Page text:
Nowadays some people are extremely worried that our Party continues to remain a marginal force and is not able to enter the mainstream. One gentleman, who once looked after the IPF Central Office but later retreated and got himself well-settled, and who is nowadays bringing out a magazine in which Mulayam Singh is eulogised and failures of Marxism are highlighted, has in an article, appearing in another magazine, written that CPI(ML) stands on the margin and will remain in the margin. His allegation against us is that in an age when the world has advanced greatly, we are still confined within the same old Marxism. Of course we do discuss many new problems, but we search for their answers in the same old formulations of ‘by now outdated’ Marxism. His further allegation is that, when others were involved in politics centring Mandal and reservation issues, we held a rally under the slogan of ‘daam baandho kam do’; or when others have abandoned the slogan of social justice it is we who are holding it aloft. In his opinion we are not marching with time, so we are doomed to remain a marginal force. Some comrades within the Party have praised the article, they also think we must somehow enter the mainstream, this isolation is no longer desirable.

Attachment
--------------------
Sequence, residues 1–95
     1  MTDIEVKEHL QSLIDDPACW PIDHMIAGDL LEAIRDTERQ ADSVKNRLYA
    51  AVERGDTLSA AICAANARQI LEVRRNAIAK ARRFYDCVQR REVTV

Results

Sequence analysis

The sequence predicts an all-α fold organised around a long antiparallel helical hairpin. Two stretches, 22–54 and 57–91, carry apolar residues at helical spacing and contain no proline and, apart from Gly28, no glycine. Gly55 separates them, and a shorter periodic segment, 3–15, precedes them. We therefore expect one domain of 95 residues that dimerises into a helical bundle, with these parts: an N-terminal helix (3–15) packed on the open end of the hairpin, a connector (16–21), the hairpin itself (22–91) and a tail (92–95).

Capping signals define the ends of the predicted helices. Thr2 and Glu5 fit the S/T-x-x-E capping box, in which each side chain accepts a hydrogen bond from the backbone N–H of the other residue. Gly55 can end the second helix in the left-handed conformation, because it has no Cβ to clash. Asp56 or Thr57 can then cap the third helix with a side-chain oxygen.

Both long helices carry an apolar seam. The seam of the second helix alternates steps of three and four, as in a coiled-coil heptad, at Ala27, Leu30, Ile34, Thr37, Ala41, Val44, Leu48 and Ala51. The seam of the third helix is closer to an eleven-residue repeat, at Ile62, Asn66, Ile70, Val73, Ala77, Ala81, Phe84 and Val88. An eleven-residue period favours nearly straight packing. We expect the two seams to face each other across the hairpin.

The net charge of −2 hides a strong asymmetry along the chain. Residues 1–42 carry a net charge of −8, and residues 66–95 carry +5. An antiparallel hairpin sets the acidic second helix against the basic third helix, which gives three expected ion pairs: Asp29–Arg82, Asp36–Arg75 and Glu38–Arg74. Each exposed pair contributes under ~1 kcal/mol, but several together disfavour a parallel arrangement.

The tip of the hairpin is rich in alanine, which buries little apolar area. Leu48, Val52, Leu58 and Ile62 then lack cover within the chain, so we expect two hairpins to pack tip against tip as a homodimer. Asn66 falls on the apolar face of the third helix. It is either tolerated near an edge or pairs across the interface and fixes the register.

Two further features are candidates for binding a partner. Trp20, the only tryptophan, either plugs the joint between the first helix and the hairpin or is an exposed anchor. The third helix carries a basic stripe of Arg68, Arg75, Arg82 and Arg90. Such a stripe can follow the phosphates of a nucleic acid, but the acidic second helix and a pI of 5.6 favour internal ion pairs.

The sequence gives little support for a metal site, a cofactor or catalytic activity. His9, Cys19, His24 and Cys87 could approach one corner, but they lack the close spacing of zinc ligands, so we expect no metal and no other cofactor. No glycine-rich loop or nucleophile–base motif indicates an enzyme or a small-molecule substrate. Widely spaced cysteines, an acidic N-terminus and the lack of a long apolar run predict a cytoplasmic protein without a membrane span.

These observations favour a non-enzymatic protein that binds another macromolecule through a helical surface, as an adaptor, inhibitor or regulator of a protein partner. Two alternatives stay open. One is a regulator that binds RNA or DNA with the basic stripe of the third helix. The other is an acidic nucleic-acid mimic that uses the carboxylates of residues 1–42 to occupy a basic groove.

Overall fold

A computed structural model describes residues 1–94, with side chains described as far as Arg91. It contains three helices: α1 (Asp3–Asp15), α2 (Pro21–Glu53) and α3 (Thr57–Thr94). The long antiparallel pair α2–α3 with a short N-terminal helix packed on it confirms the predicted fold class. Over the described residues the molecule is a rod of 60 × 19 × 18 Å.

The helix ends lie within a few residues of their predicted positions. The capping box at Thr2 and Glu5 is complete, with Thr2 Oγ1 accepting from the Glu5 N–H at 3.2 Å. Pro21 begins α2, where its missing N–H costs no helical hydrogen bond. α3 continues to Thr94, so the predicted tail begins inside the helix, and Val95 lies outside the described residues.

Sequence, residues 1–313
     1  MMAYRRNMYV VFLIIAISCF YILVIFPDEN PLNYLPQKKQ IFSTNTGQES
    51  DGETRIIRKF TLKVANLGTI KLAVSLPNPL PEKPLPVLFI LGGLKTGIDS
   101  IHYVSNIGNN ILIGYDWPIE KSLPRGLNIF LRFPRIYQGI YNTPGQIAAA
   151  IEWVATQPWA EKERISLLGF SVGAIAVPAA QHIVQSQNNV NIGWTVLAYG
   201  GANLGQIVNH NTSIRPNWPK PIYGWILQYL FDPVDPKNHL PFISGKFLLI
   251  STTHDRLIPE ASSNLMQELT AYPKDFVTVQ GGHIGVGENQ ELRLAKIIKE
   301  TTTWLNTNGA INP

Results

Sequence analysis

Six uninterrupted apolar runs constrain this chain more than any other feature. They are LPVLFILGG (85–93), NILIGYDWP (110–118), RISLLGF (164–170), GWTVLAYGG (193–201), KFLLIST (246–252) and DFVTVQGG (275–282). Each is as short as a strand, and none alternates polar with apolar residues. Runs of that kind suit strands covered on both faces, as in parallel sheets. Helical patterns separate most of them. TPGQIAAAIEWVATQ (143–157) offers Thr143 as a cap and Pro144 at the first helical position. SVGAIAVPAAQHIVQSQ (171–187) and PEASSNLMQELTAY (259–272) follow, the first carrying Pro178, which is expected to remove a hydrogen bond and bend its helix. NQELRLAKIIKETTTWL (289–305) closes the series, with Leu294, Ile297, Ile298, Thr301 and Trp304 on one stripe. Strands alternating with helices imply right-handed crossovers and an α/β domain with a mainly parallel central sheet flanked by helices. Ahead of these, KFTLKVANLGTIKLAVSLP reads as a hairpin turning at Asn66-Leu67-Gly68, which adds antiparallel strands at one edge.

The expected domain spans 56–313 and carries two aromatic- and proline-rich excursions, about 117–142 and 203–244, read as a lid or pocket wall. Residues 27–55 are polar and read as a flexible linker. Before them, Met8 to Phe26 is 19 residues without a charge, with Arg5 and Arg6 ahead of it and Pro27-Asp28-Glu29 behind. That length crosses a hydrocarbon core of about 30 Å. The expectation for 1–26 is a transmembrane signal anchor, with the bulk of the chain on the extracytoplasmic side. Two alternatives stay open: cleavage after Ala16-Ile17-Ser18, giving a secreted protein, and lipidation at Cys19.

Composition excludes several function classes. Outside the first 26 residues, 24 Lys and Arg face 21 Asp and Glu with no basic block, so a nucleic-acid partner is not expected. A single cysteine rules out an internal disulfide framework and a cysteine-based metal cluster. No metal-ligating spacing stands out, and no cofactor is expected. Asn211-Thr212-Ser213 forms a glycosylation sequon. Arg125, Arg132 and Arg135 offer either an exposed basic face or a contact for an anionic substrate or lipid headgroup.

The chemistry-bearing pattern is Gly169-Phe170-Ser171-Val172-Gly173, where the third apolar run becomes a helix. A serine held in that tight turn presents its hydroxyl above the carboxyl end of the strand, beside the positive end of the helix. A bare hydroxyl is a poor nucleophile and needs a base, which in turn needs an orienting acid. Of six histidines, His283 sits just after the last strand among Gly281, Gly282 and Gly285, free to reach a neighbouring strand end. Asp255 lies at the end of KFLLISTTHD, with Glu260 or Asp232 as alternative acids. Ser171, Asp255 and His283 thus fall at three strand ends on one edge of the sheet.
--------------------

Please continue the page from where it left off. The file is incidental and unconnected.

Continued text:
In fact, in comparison to any other ML stream, our Party has, over the span of the past decade or more, made an all-round attempt to intervene in the mainstream of politics. Through establishing contacts with various streams of democratic forces throughout the country, joint activities with various streams of the Left at different levels, through attempts to utilise every debate or division among our political contenders in our favour, through organising nationwide campaigns and holding national rallies, through active intervention in the election process, etc., the Party is incessantly trying to expand its initiative. In the midst of ups and downs we have also gained some successes in this endeavour. Here one must remain clear about our point of departure while intervening in the mainstream of politics. Should one get co-opted into the ongoing stream of left-democratic politics? Or should one try to transform it? If we get co-opted into that stream, will it not become our fate to remain a marginal force forever? On the other hand, the task of transforming this stream is no doubt protracted and painstaking, but within this lies the great possibility of future when, breaking the present isolation, we can become the determining force of the mainstream.